The Gift of Love: How to Help


How to Help Grievers During the Holiday Season

Where there is great love there are always miracles.
Willa Cather

Being supportive of a bereaved friend is a worthy endeavor that may drain you of energy, especially during the busy holiday season. It is important to attend to your own feelings and fatigue. When you take care of yourself you are better able to help others. 

Please visit December's Child for thoughts on how to support grieving children, or refer to How Children Grieve from ChildGrief.org.

If you want to write a note of sympathy for your grieving friend, but need a little boost to get started, click
Writing Letters of Condolence.

You can plan in advance for ways to reach out to your grieving friend during the holiday season. Here are a few suggestions to get your own ideas flowing, but I believe that if you listen to your heart, you will always know how to best help your friend. Trust the message.

Invite your friend to share the holiday at your house.

Take your friend out for a special Christmas lunch.

Better yet, invite your friend over to your place for a holiday meal.

Please don’t avoid the loss. Your friend may need to cry and reminisce about happier times, or may need a break from the sadness that your invitation provides. Grief is personal. Allow the conversation to go where it needs to go.

Write a note, send a card, deliver flowers, or give a thoughtful gift.

Make a donation to a holiday charity in memory of the one who has died and have the announcement sent to your friend.
Take a drive to look at Christmas lights. Stop for dinner.

Grief drains people of energy making activities of daily living very difficult and holiday preparations overwhelming. Call your grieving friend and ask what you can pick up for them at the store today.

Simplify your friend's life. What tasks are overwhelming to your friend right now? Cook a few meals for the freezer, offer to help write thank you notes for the gifts of food and flowers at the time of the death, pick up the kids from school, stop by the dry cleaners, or shop for groceries. In short, run errands because your friend doesn't have the concentration or energy to do so.

Offer to take the dog for a walk, replace the kitty litter, clean the house, change the bed linens, run the dishwasher, take out the trash, or do the laundry.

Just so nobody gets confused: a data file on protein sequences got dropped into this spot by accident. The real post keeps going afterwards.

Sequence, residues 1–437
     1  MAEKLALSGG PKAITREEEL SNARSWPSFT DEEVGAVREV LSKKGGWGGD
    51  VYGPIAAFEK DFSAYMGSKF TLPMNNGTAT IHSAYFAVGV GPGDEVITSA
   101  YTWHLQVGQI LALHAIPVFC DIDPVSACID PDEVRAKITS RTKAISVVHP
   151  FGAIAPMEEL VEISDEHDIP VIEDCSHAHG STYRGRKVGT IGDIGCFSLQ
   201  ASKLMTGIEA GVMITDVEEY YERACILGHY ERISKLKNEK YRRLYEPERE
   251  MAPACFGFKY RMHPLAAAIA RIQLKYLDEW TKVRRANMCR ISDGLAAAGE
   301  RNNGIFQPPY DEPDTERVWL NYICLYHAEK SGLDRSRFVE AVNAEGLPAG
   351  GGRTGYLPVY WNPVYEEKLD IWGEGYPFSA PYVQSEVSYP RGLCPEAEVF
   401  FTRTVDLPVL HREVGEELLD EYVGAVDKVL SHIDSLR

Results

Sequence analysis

NOTE: Do only the basics. Cleaning out the closets, rearranging the furniture, decorating, handling cherished Christmas treasures, or moving items that belonged to the deceased loved one are intrusive and will likely be resented.

Be a handy person, or one of Santa's helpers, if this feels appropriate. Consider the seasons and your geography as you offer simple services: wash windows, mow the lawn, rake leaves, shovel snow, or change the furnace filter.

Grief needs to be expressed outwardly for healing to occur. If your friend likes to write, buy a beautiful blank journal, gift wrap it and drop it off, or mail it. Begin the journal by writing a supportive note on the first page.

Above all, please don’t forget your grieving friend during the holiday season and don’t give up. Your friend may be hurting too much to respond. Try again later. It really is the effort that counts and the time you took to show that you care.

Not many people want, or are able, to enter into another person's pain and suffering. Compassion for our fellow travelers is in short supply and you are offering the gift of love. Congratulate yourself for expressing the deeper meaning of the season by accompanying someone dear on one of life's most difficult journeys.

For more ideas on how to help a grieving friend, please refer to Love in Action.

Go to next page: Gift Ideas from the Heart

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How complicated and individual mending is,
the time required for healing
cannot be measured against any fixed calendar
Mary Jane Moffat
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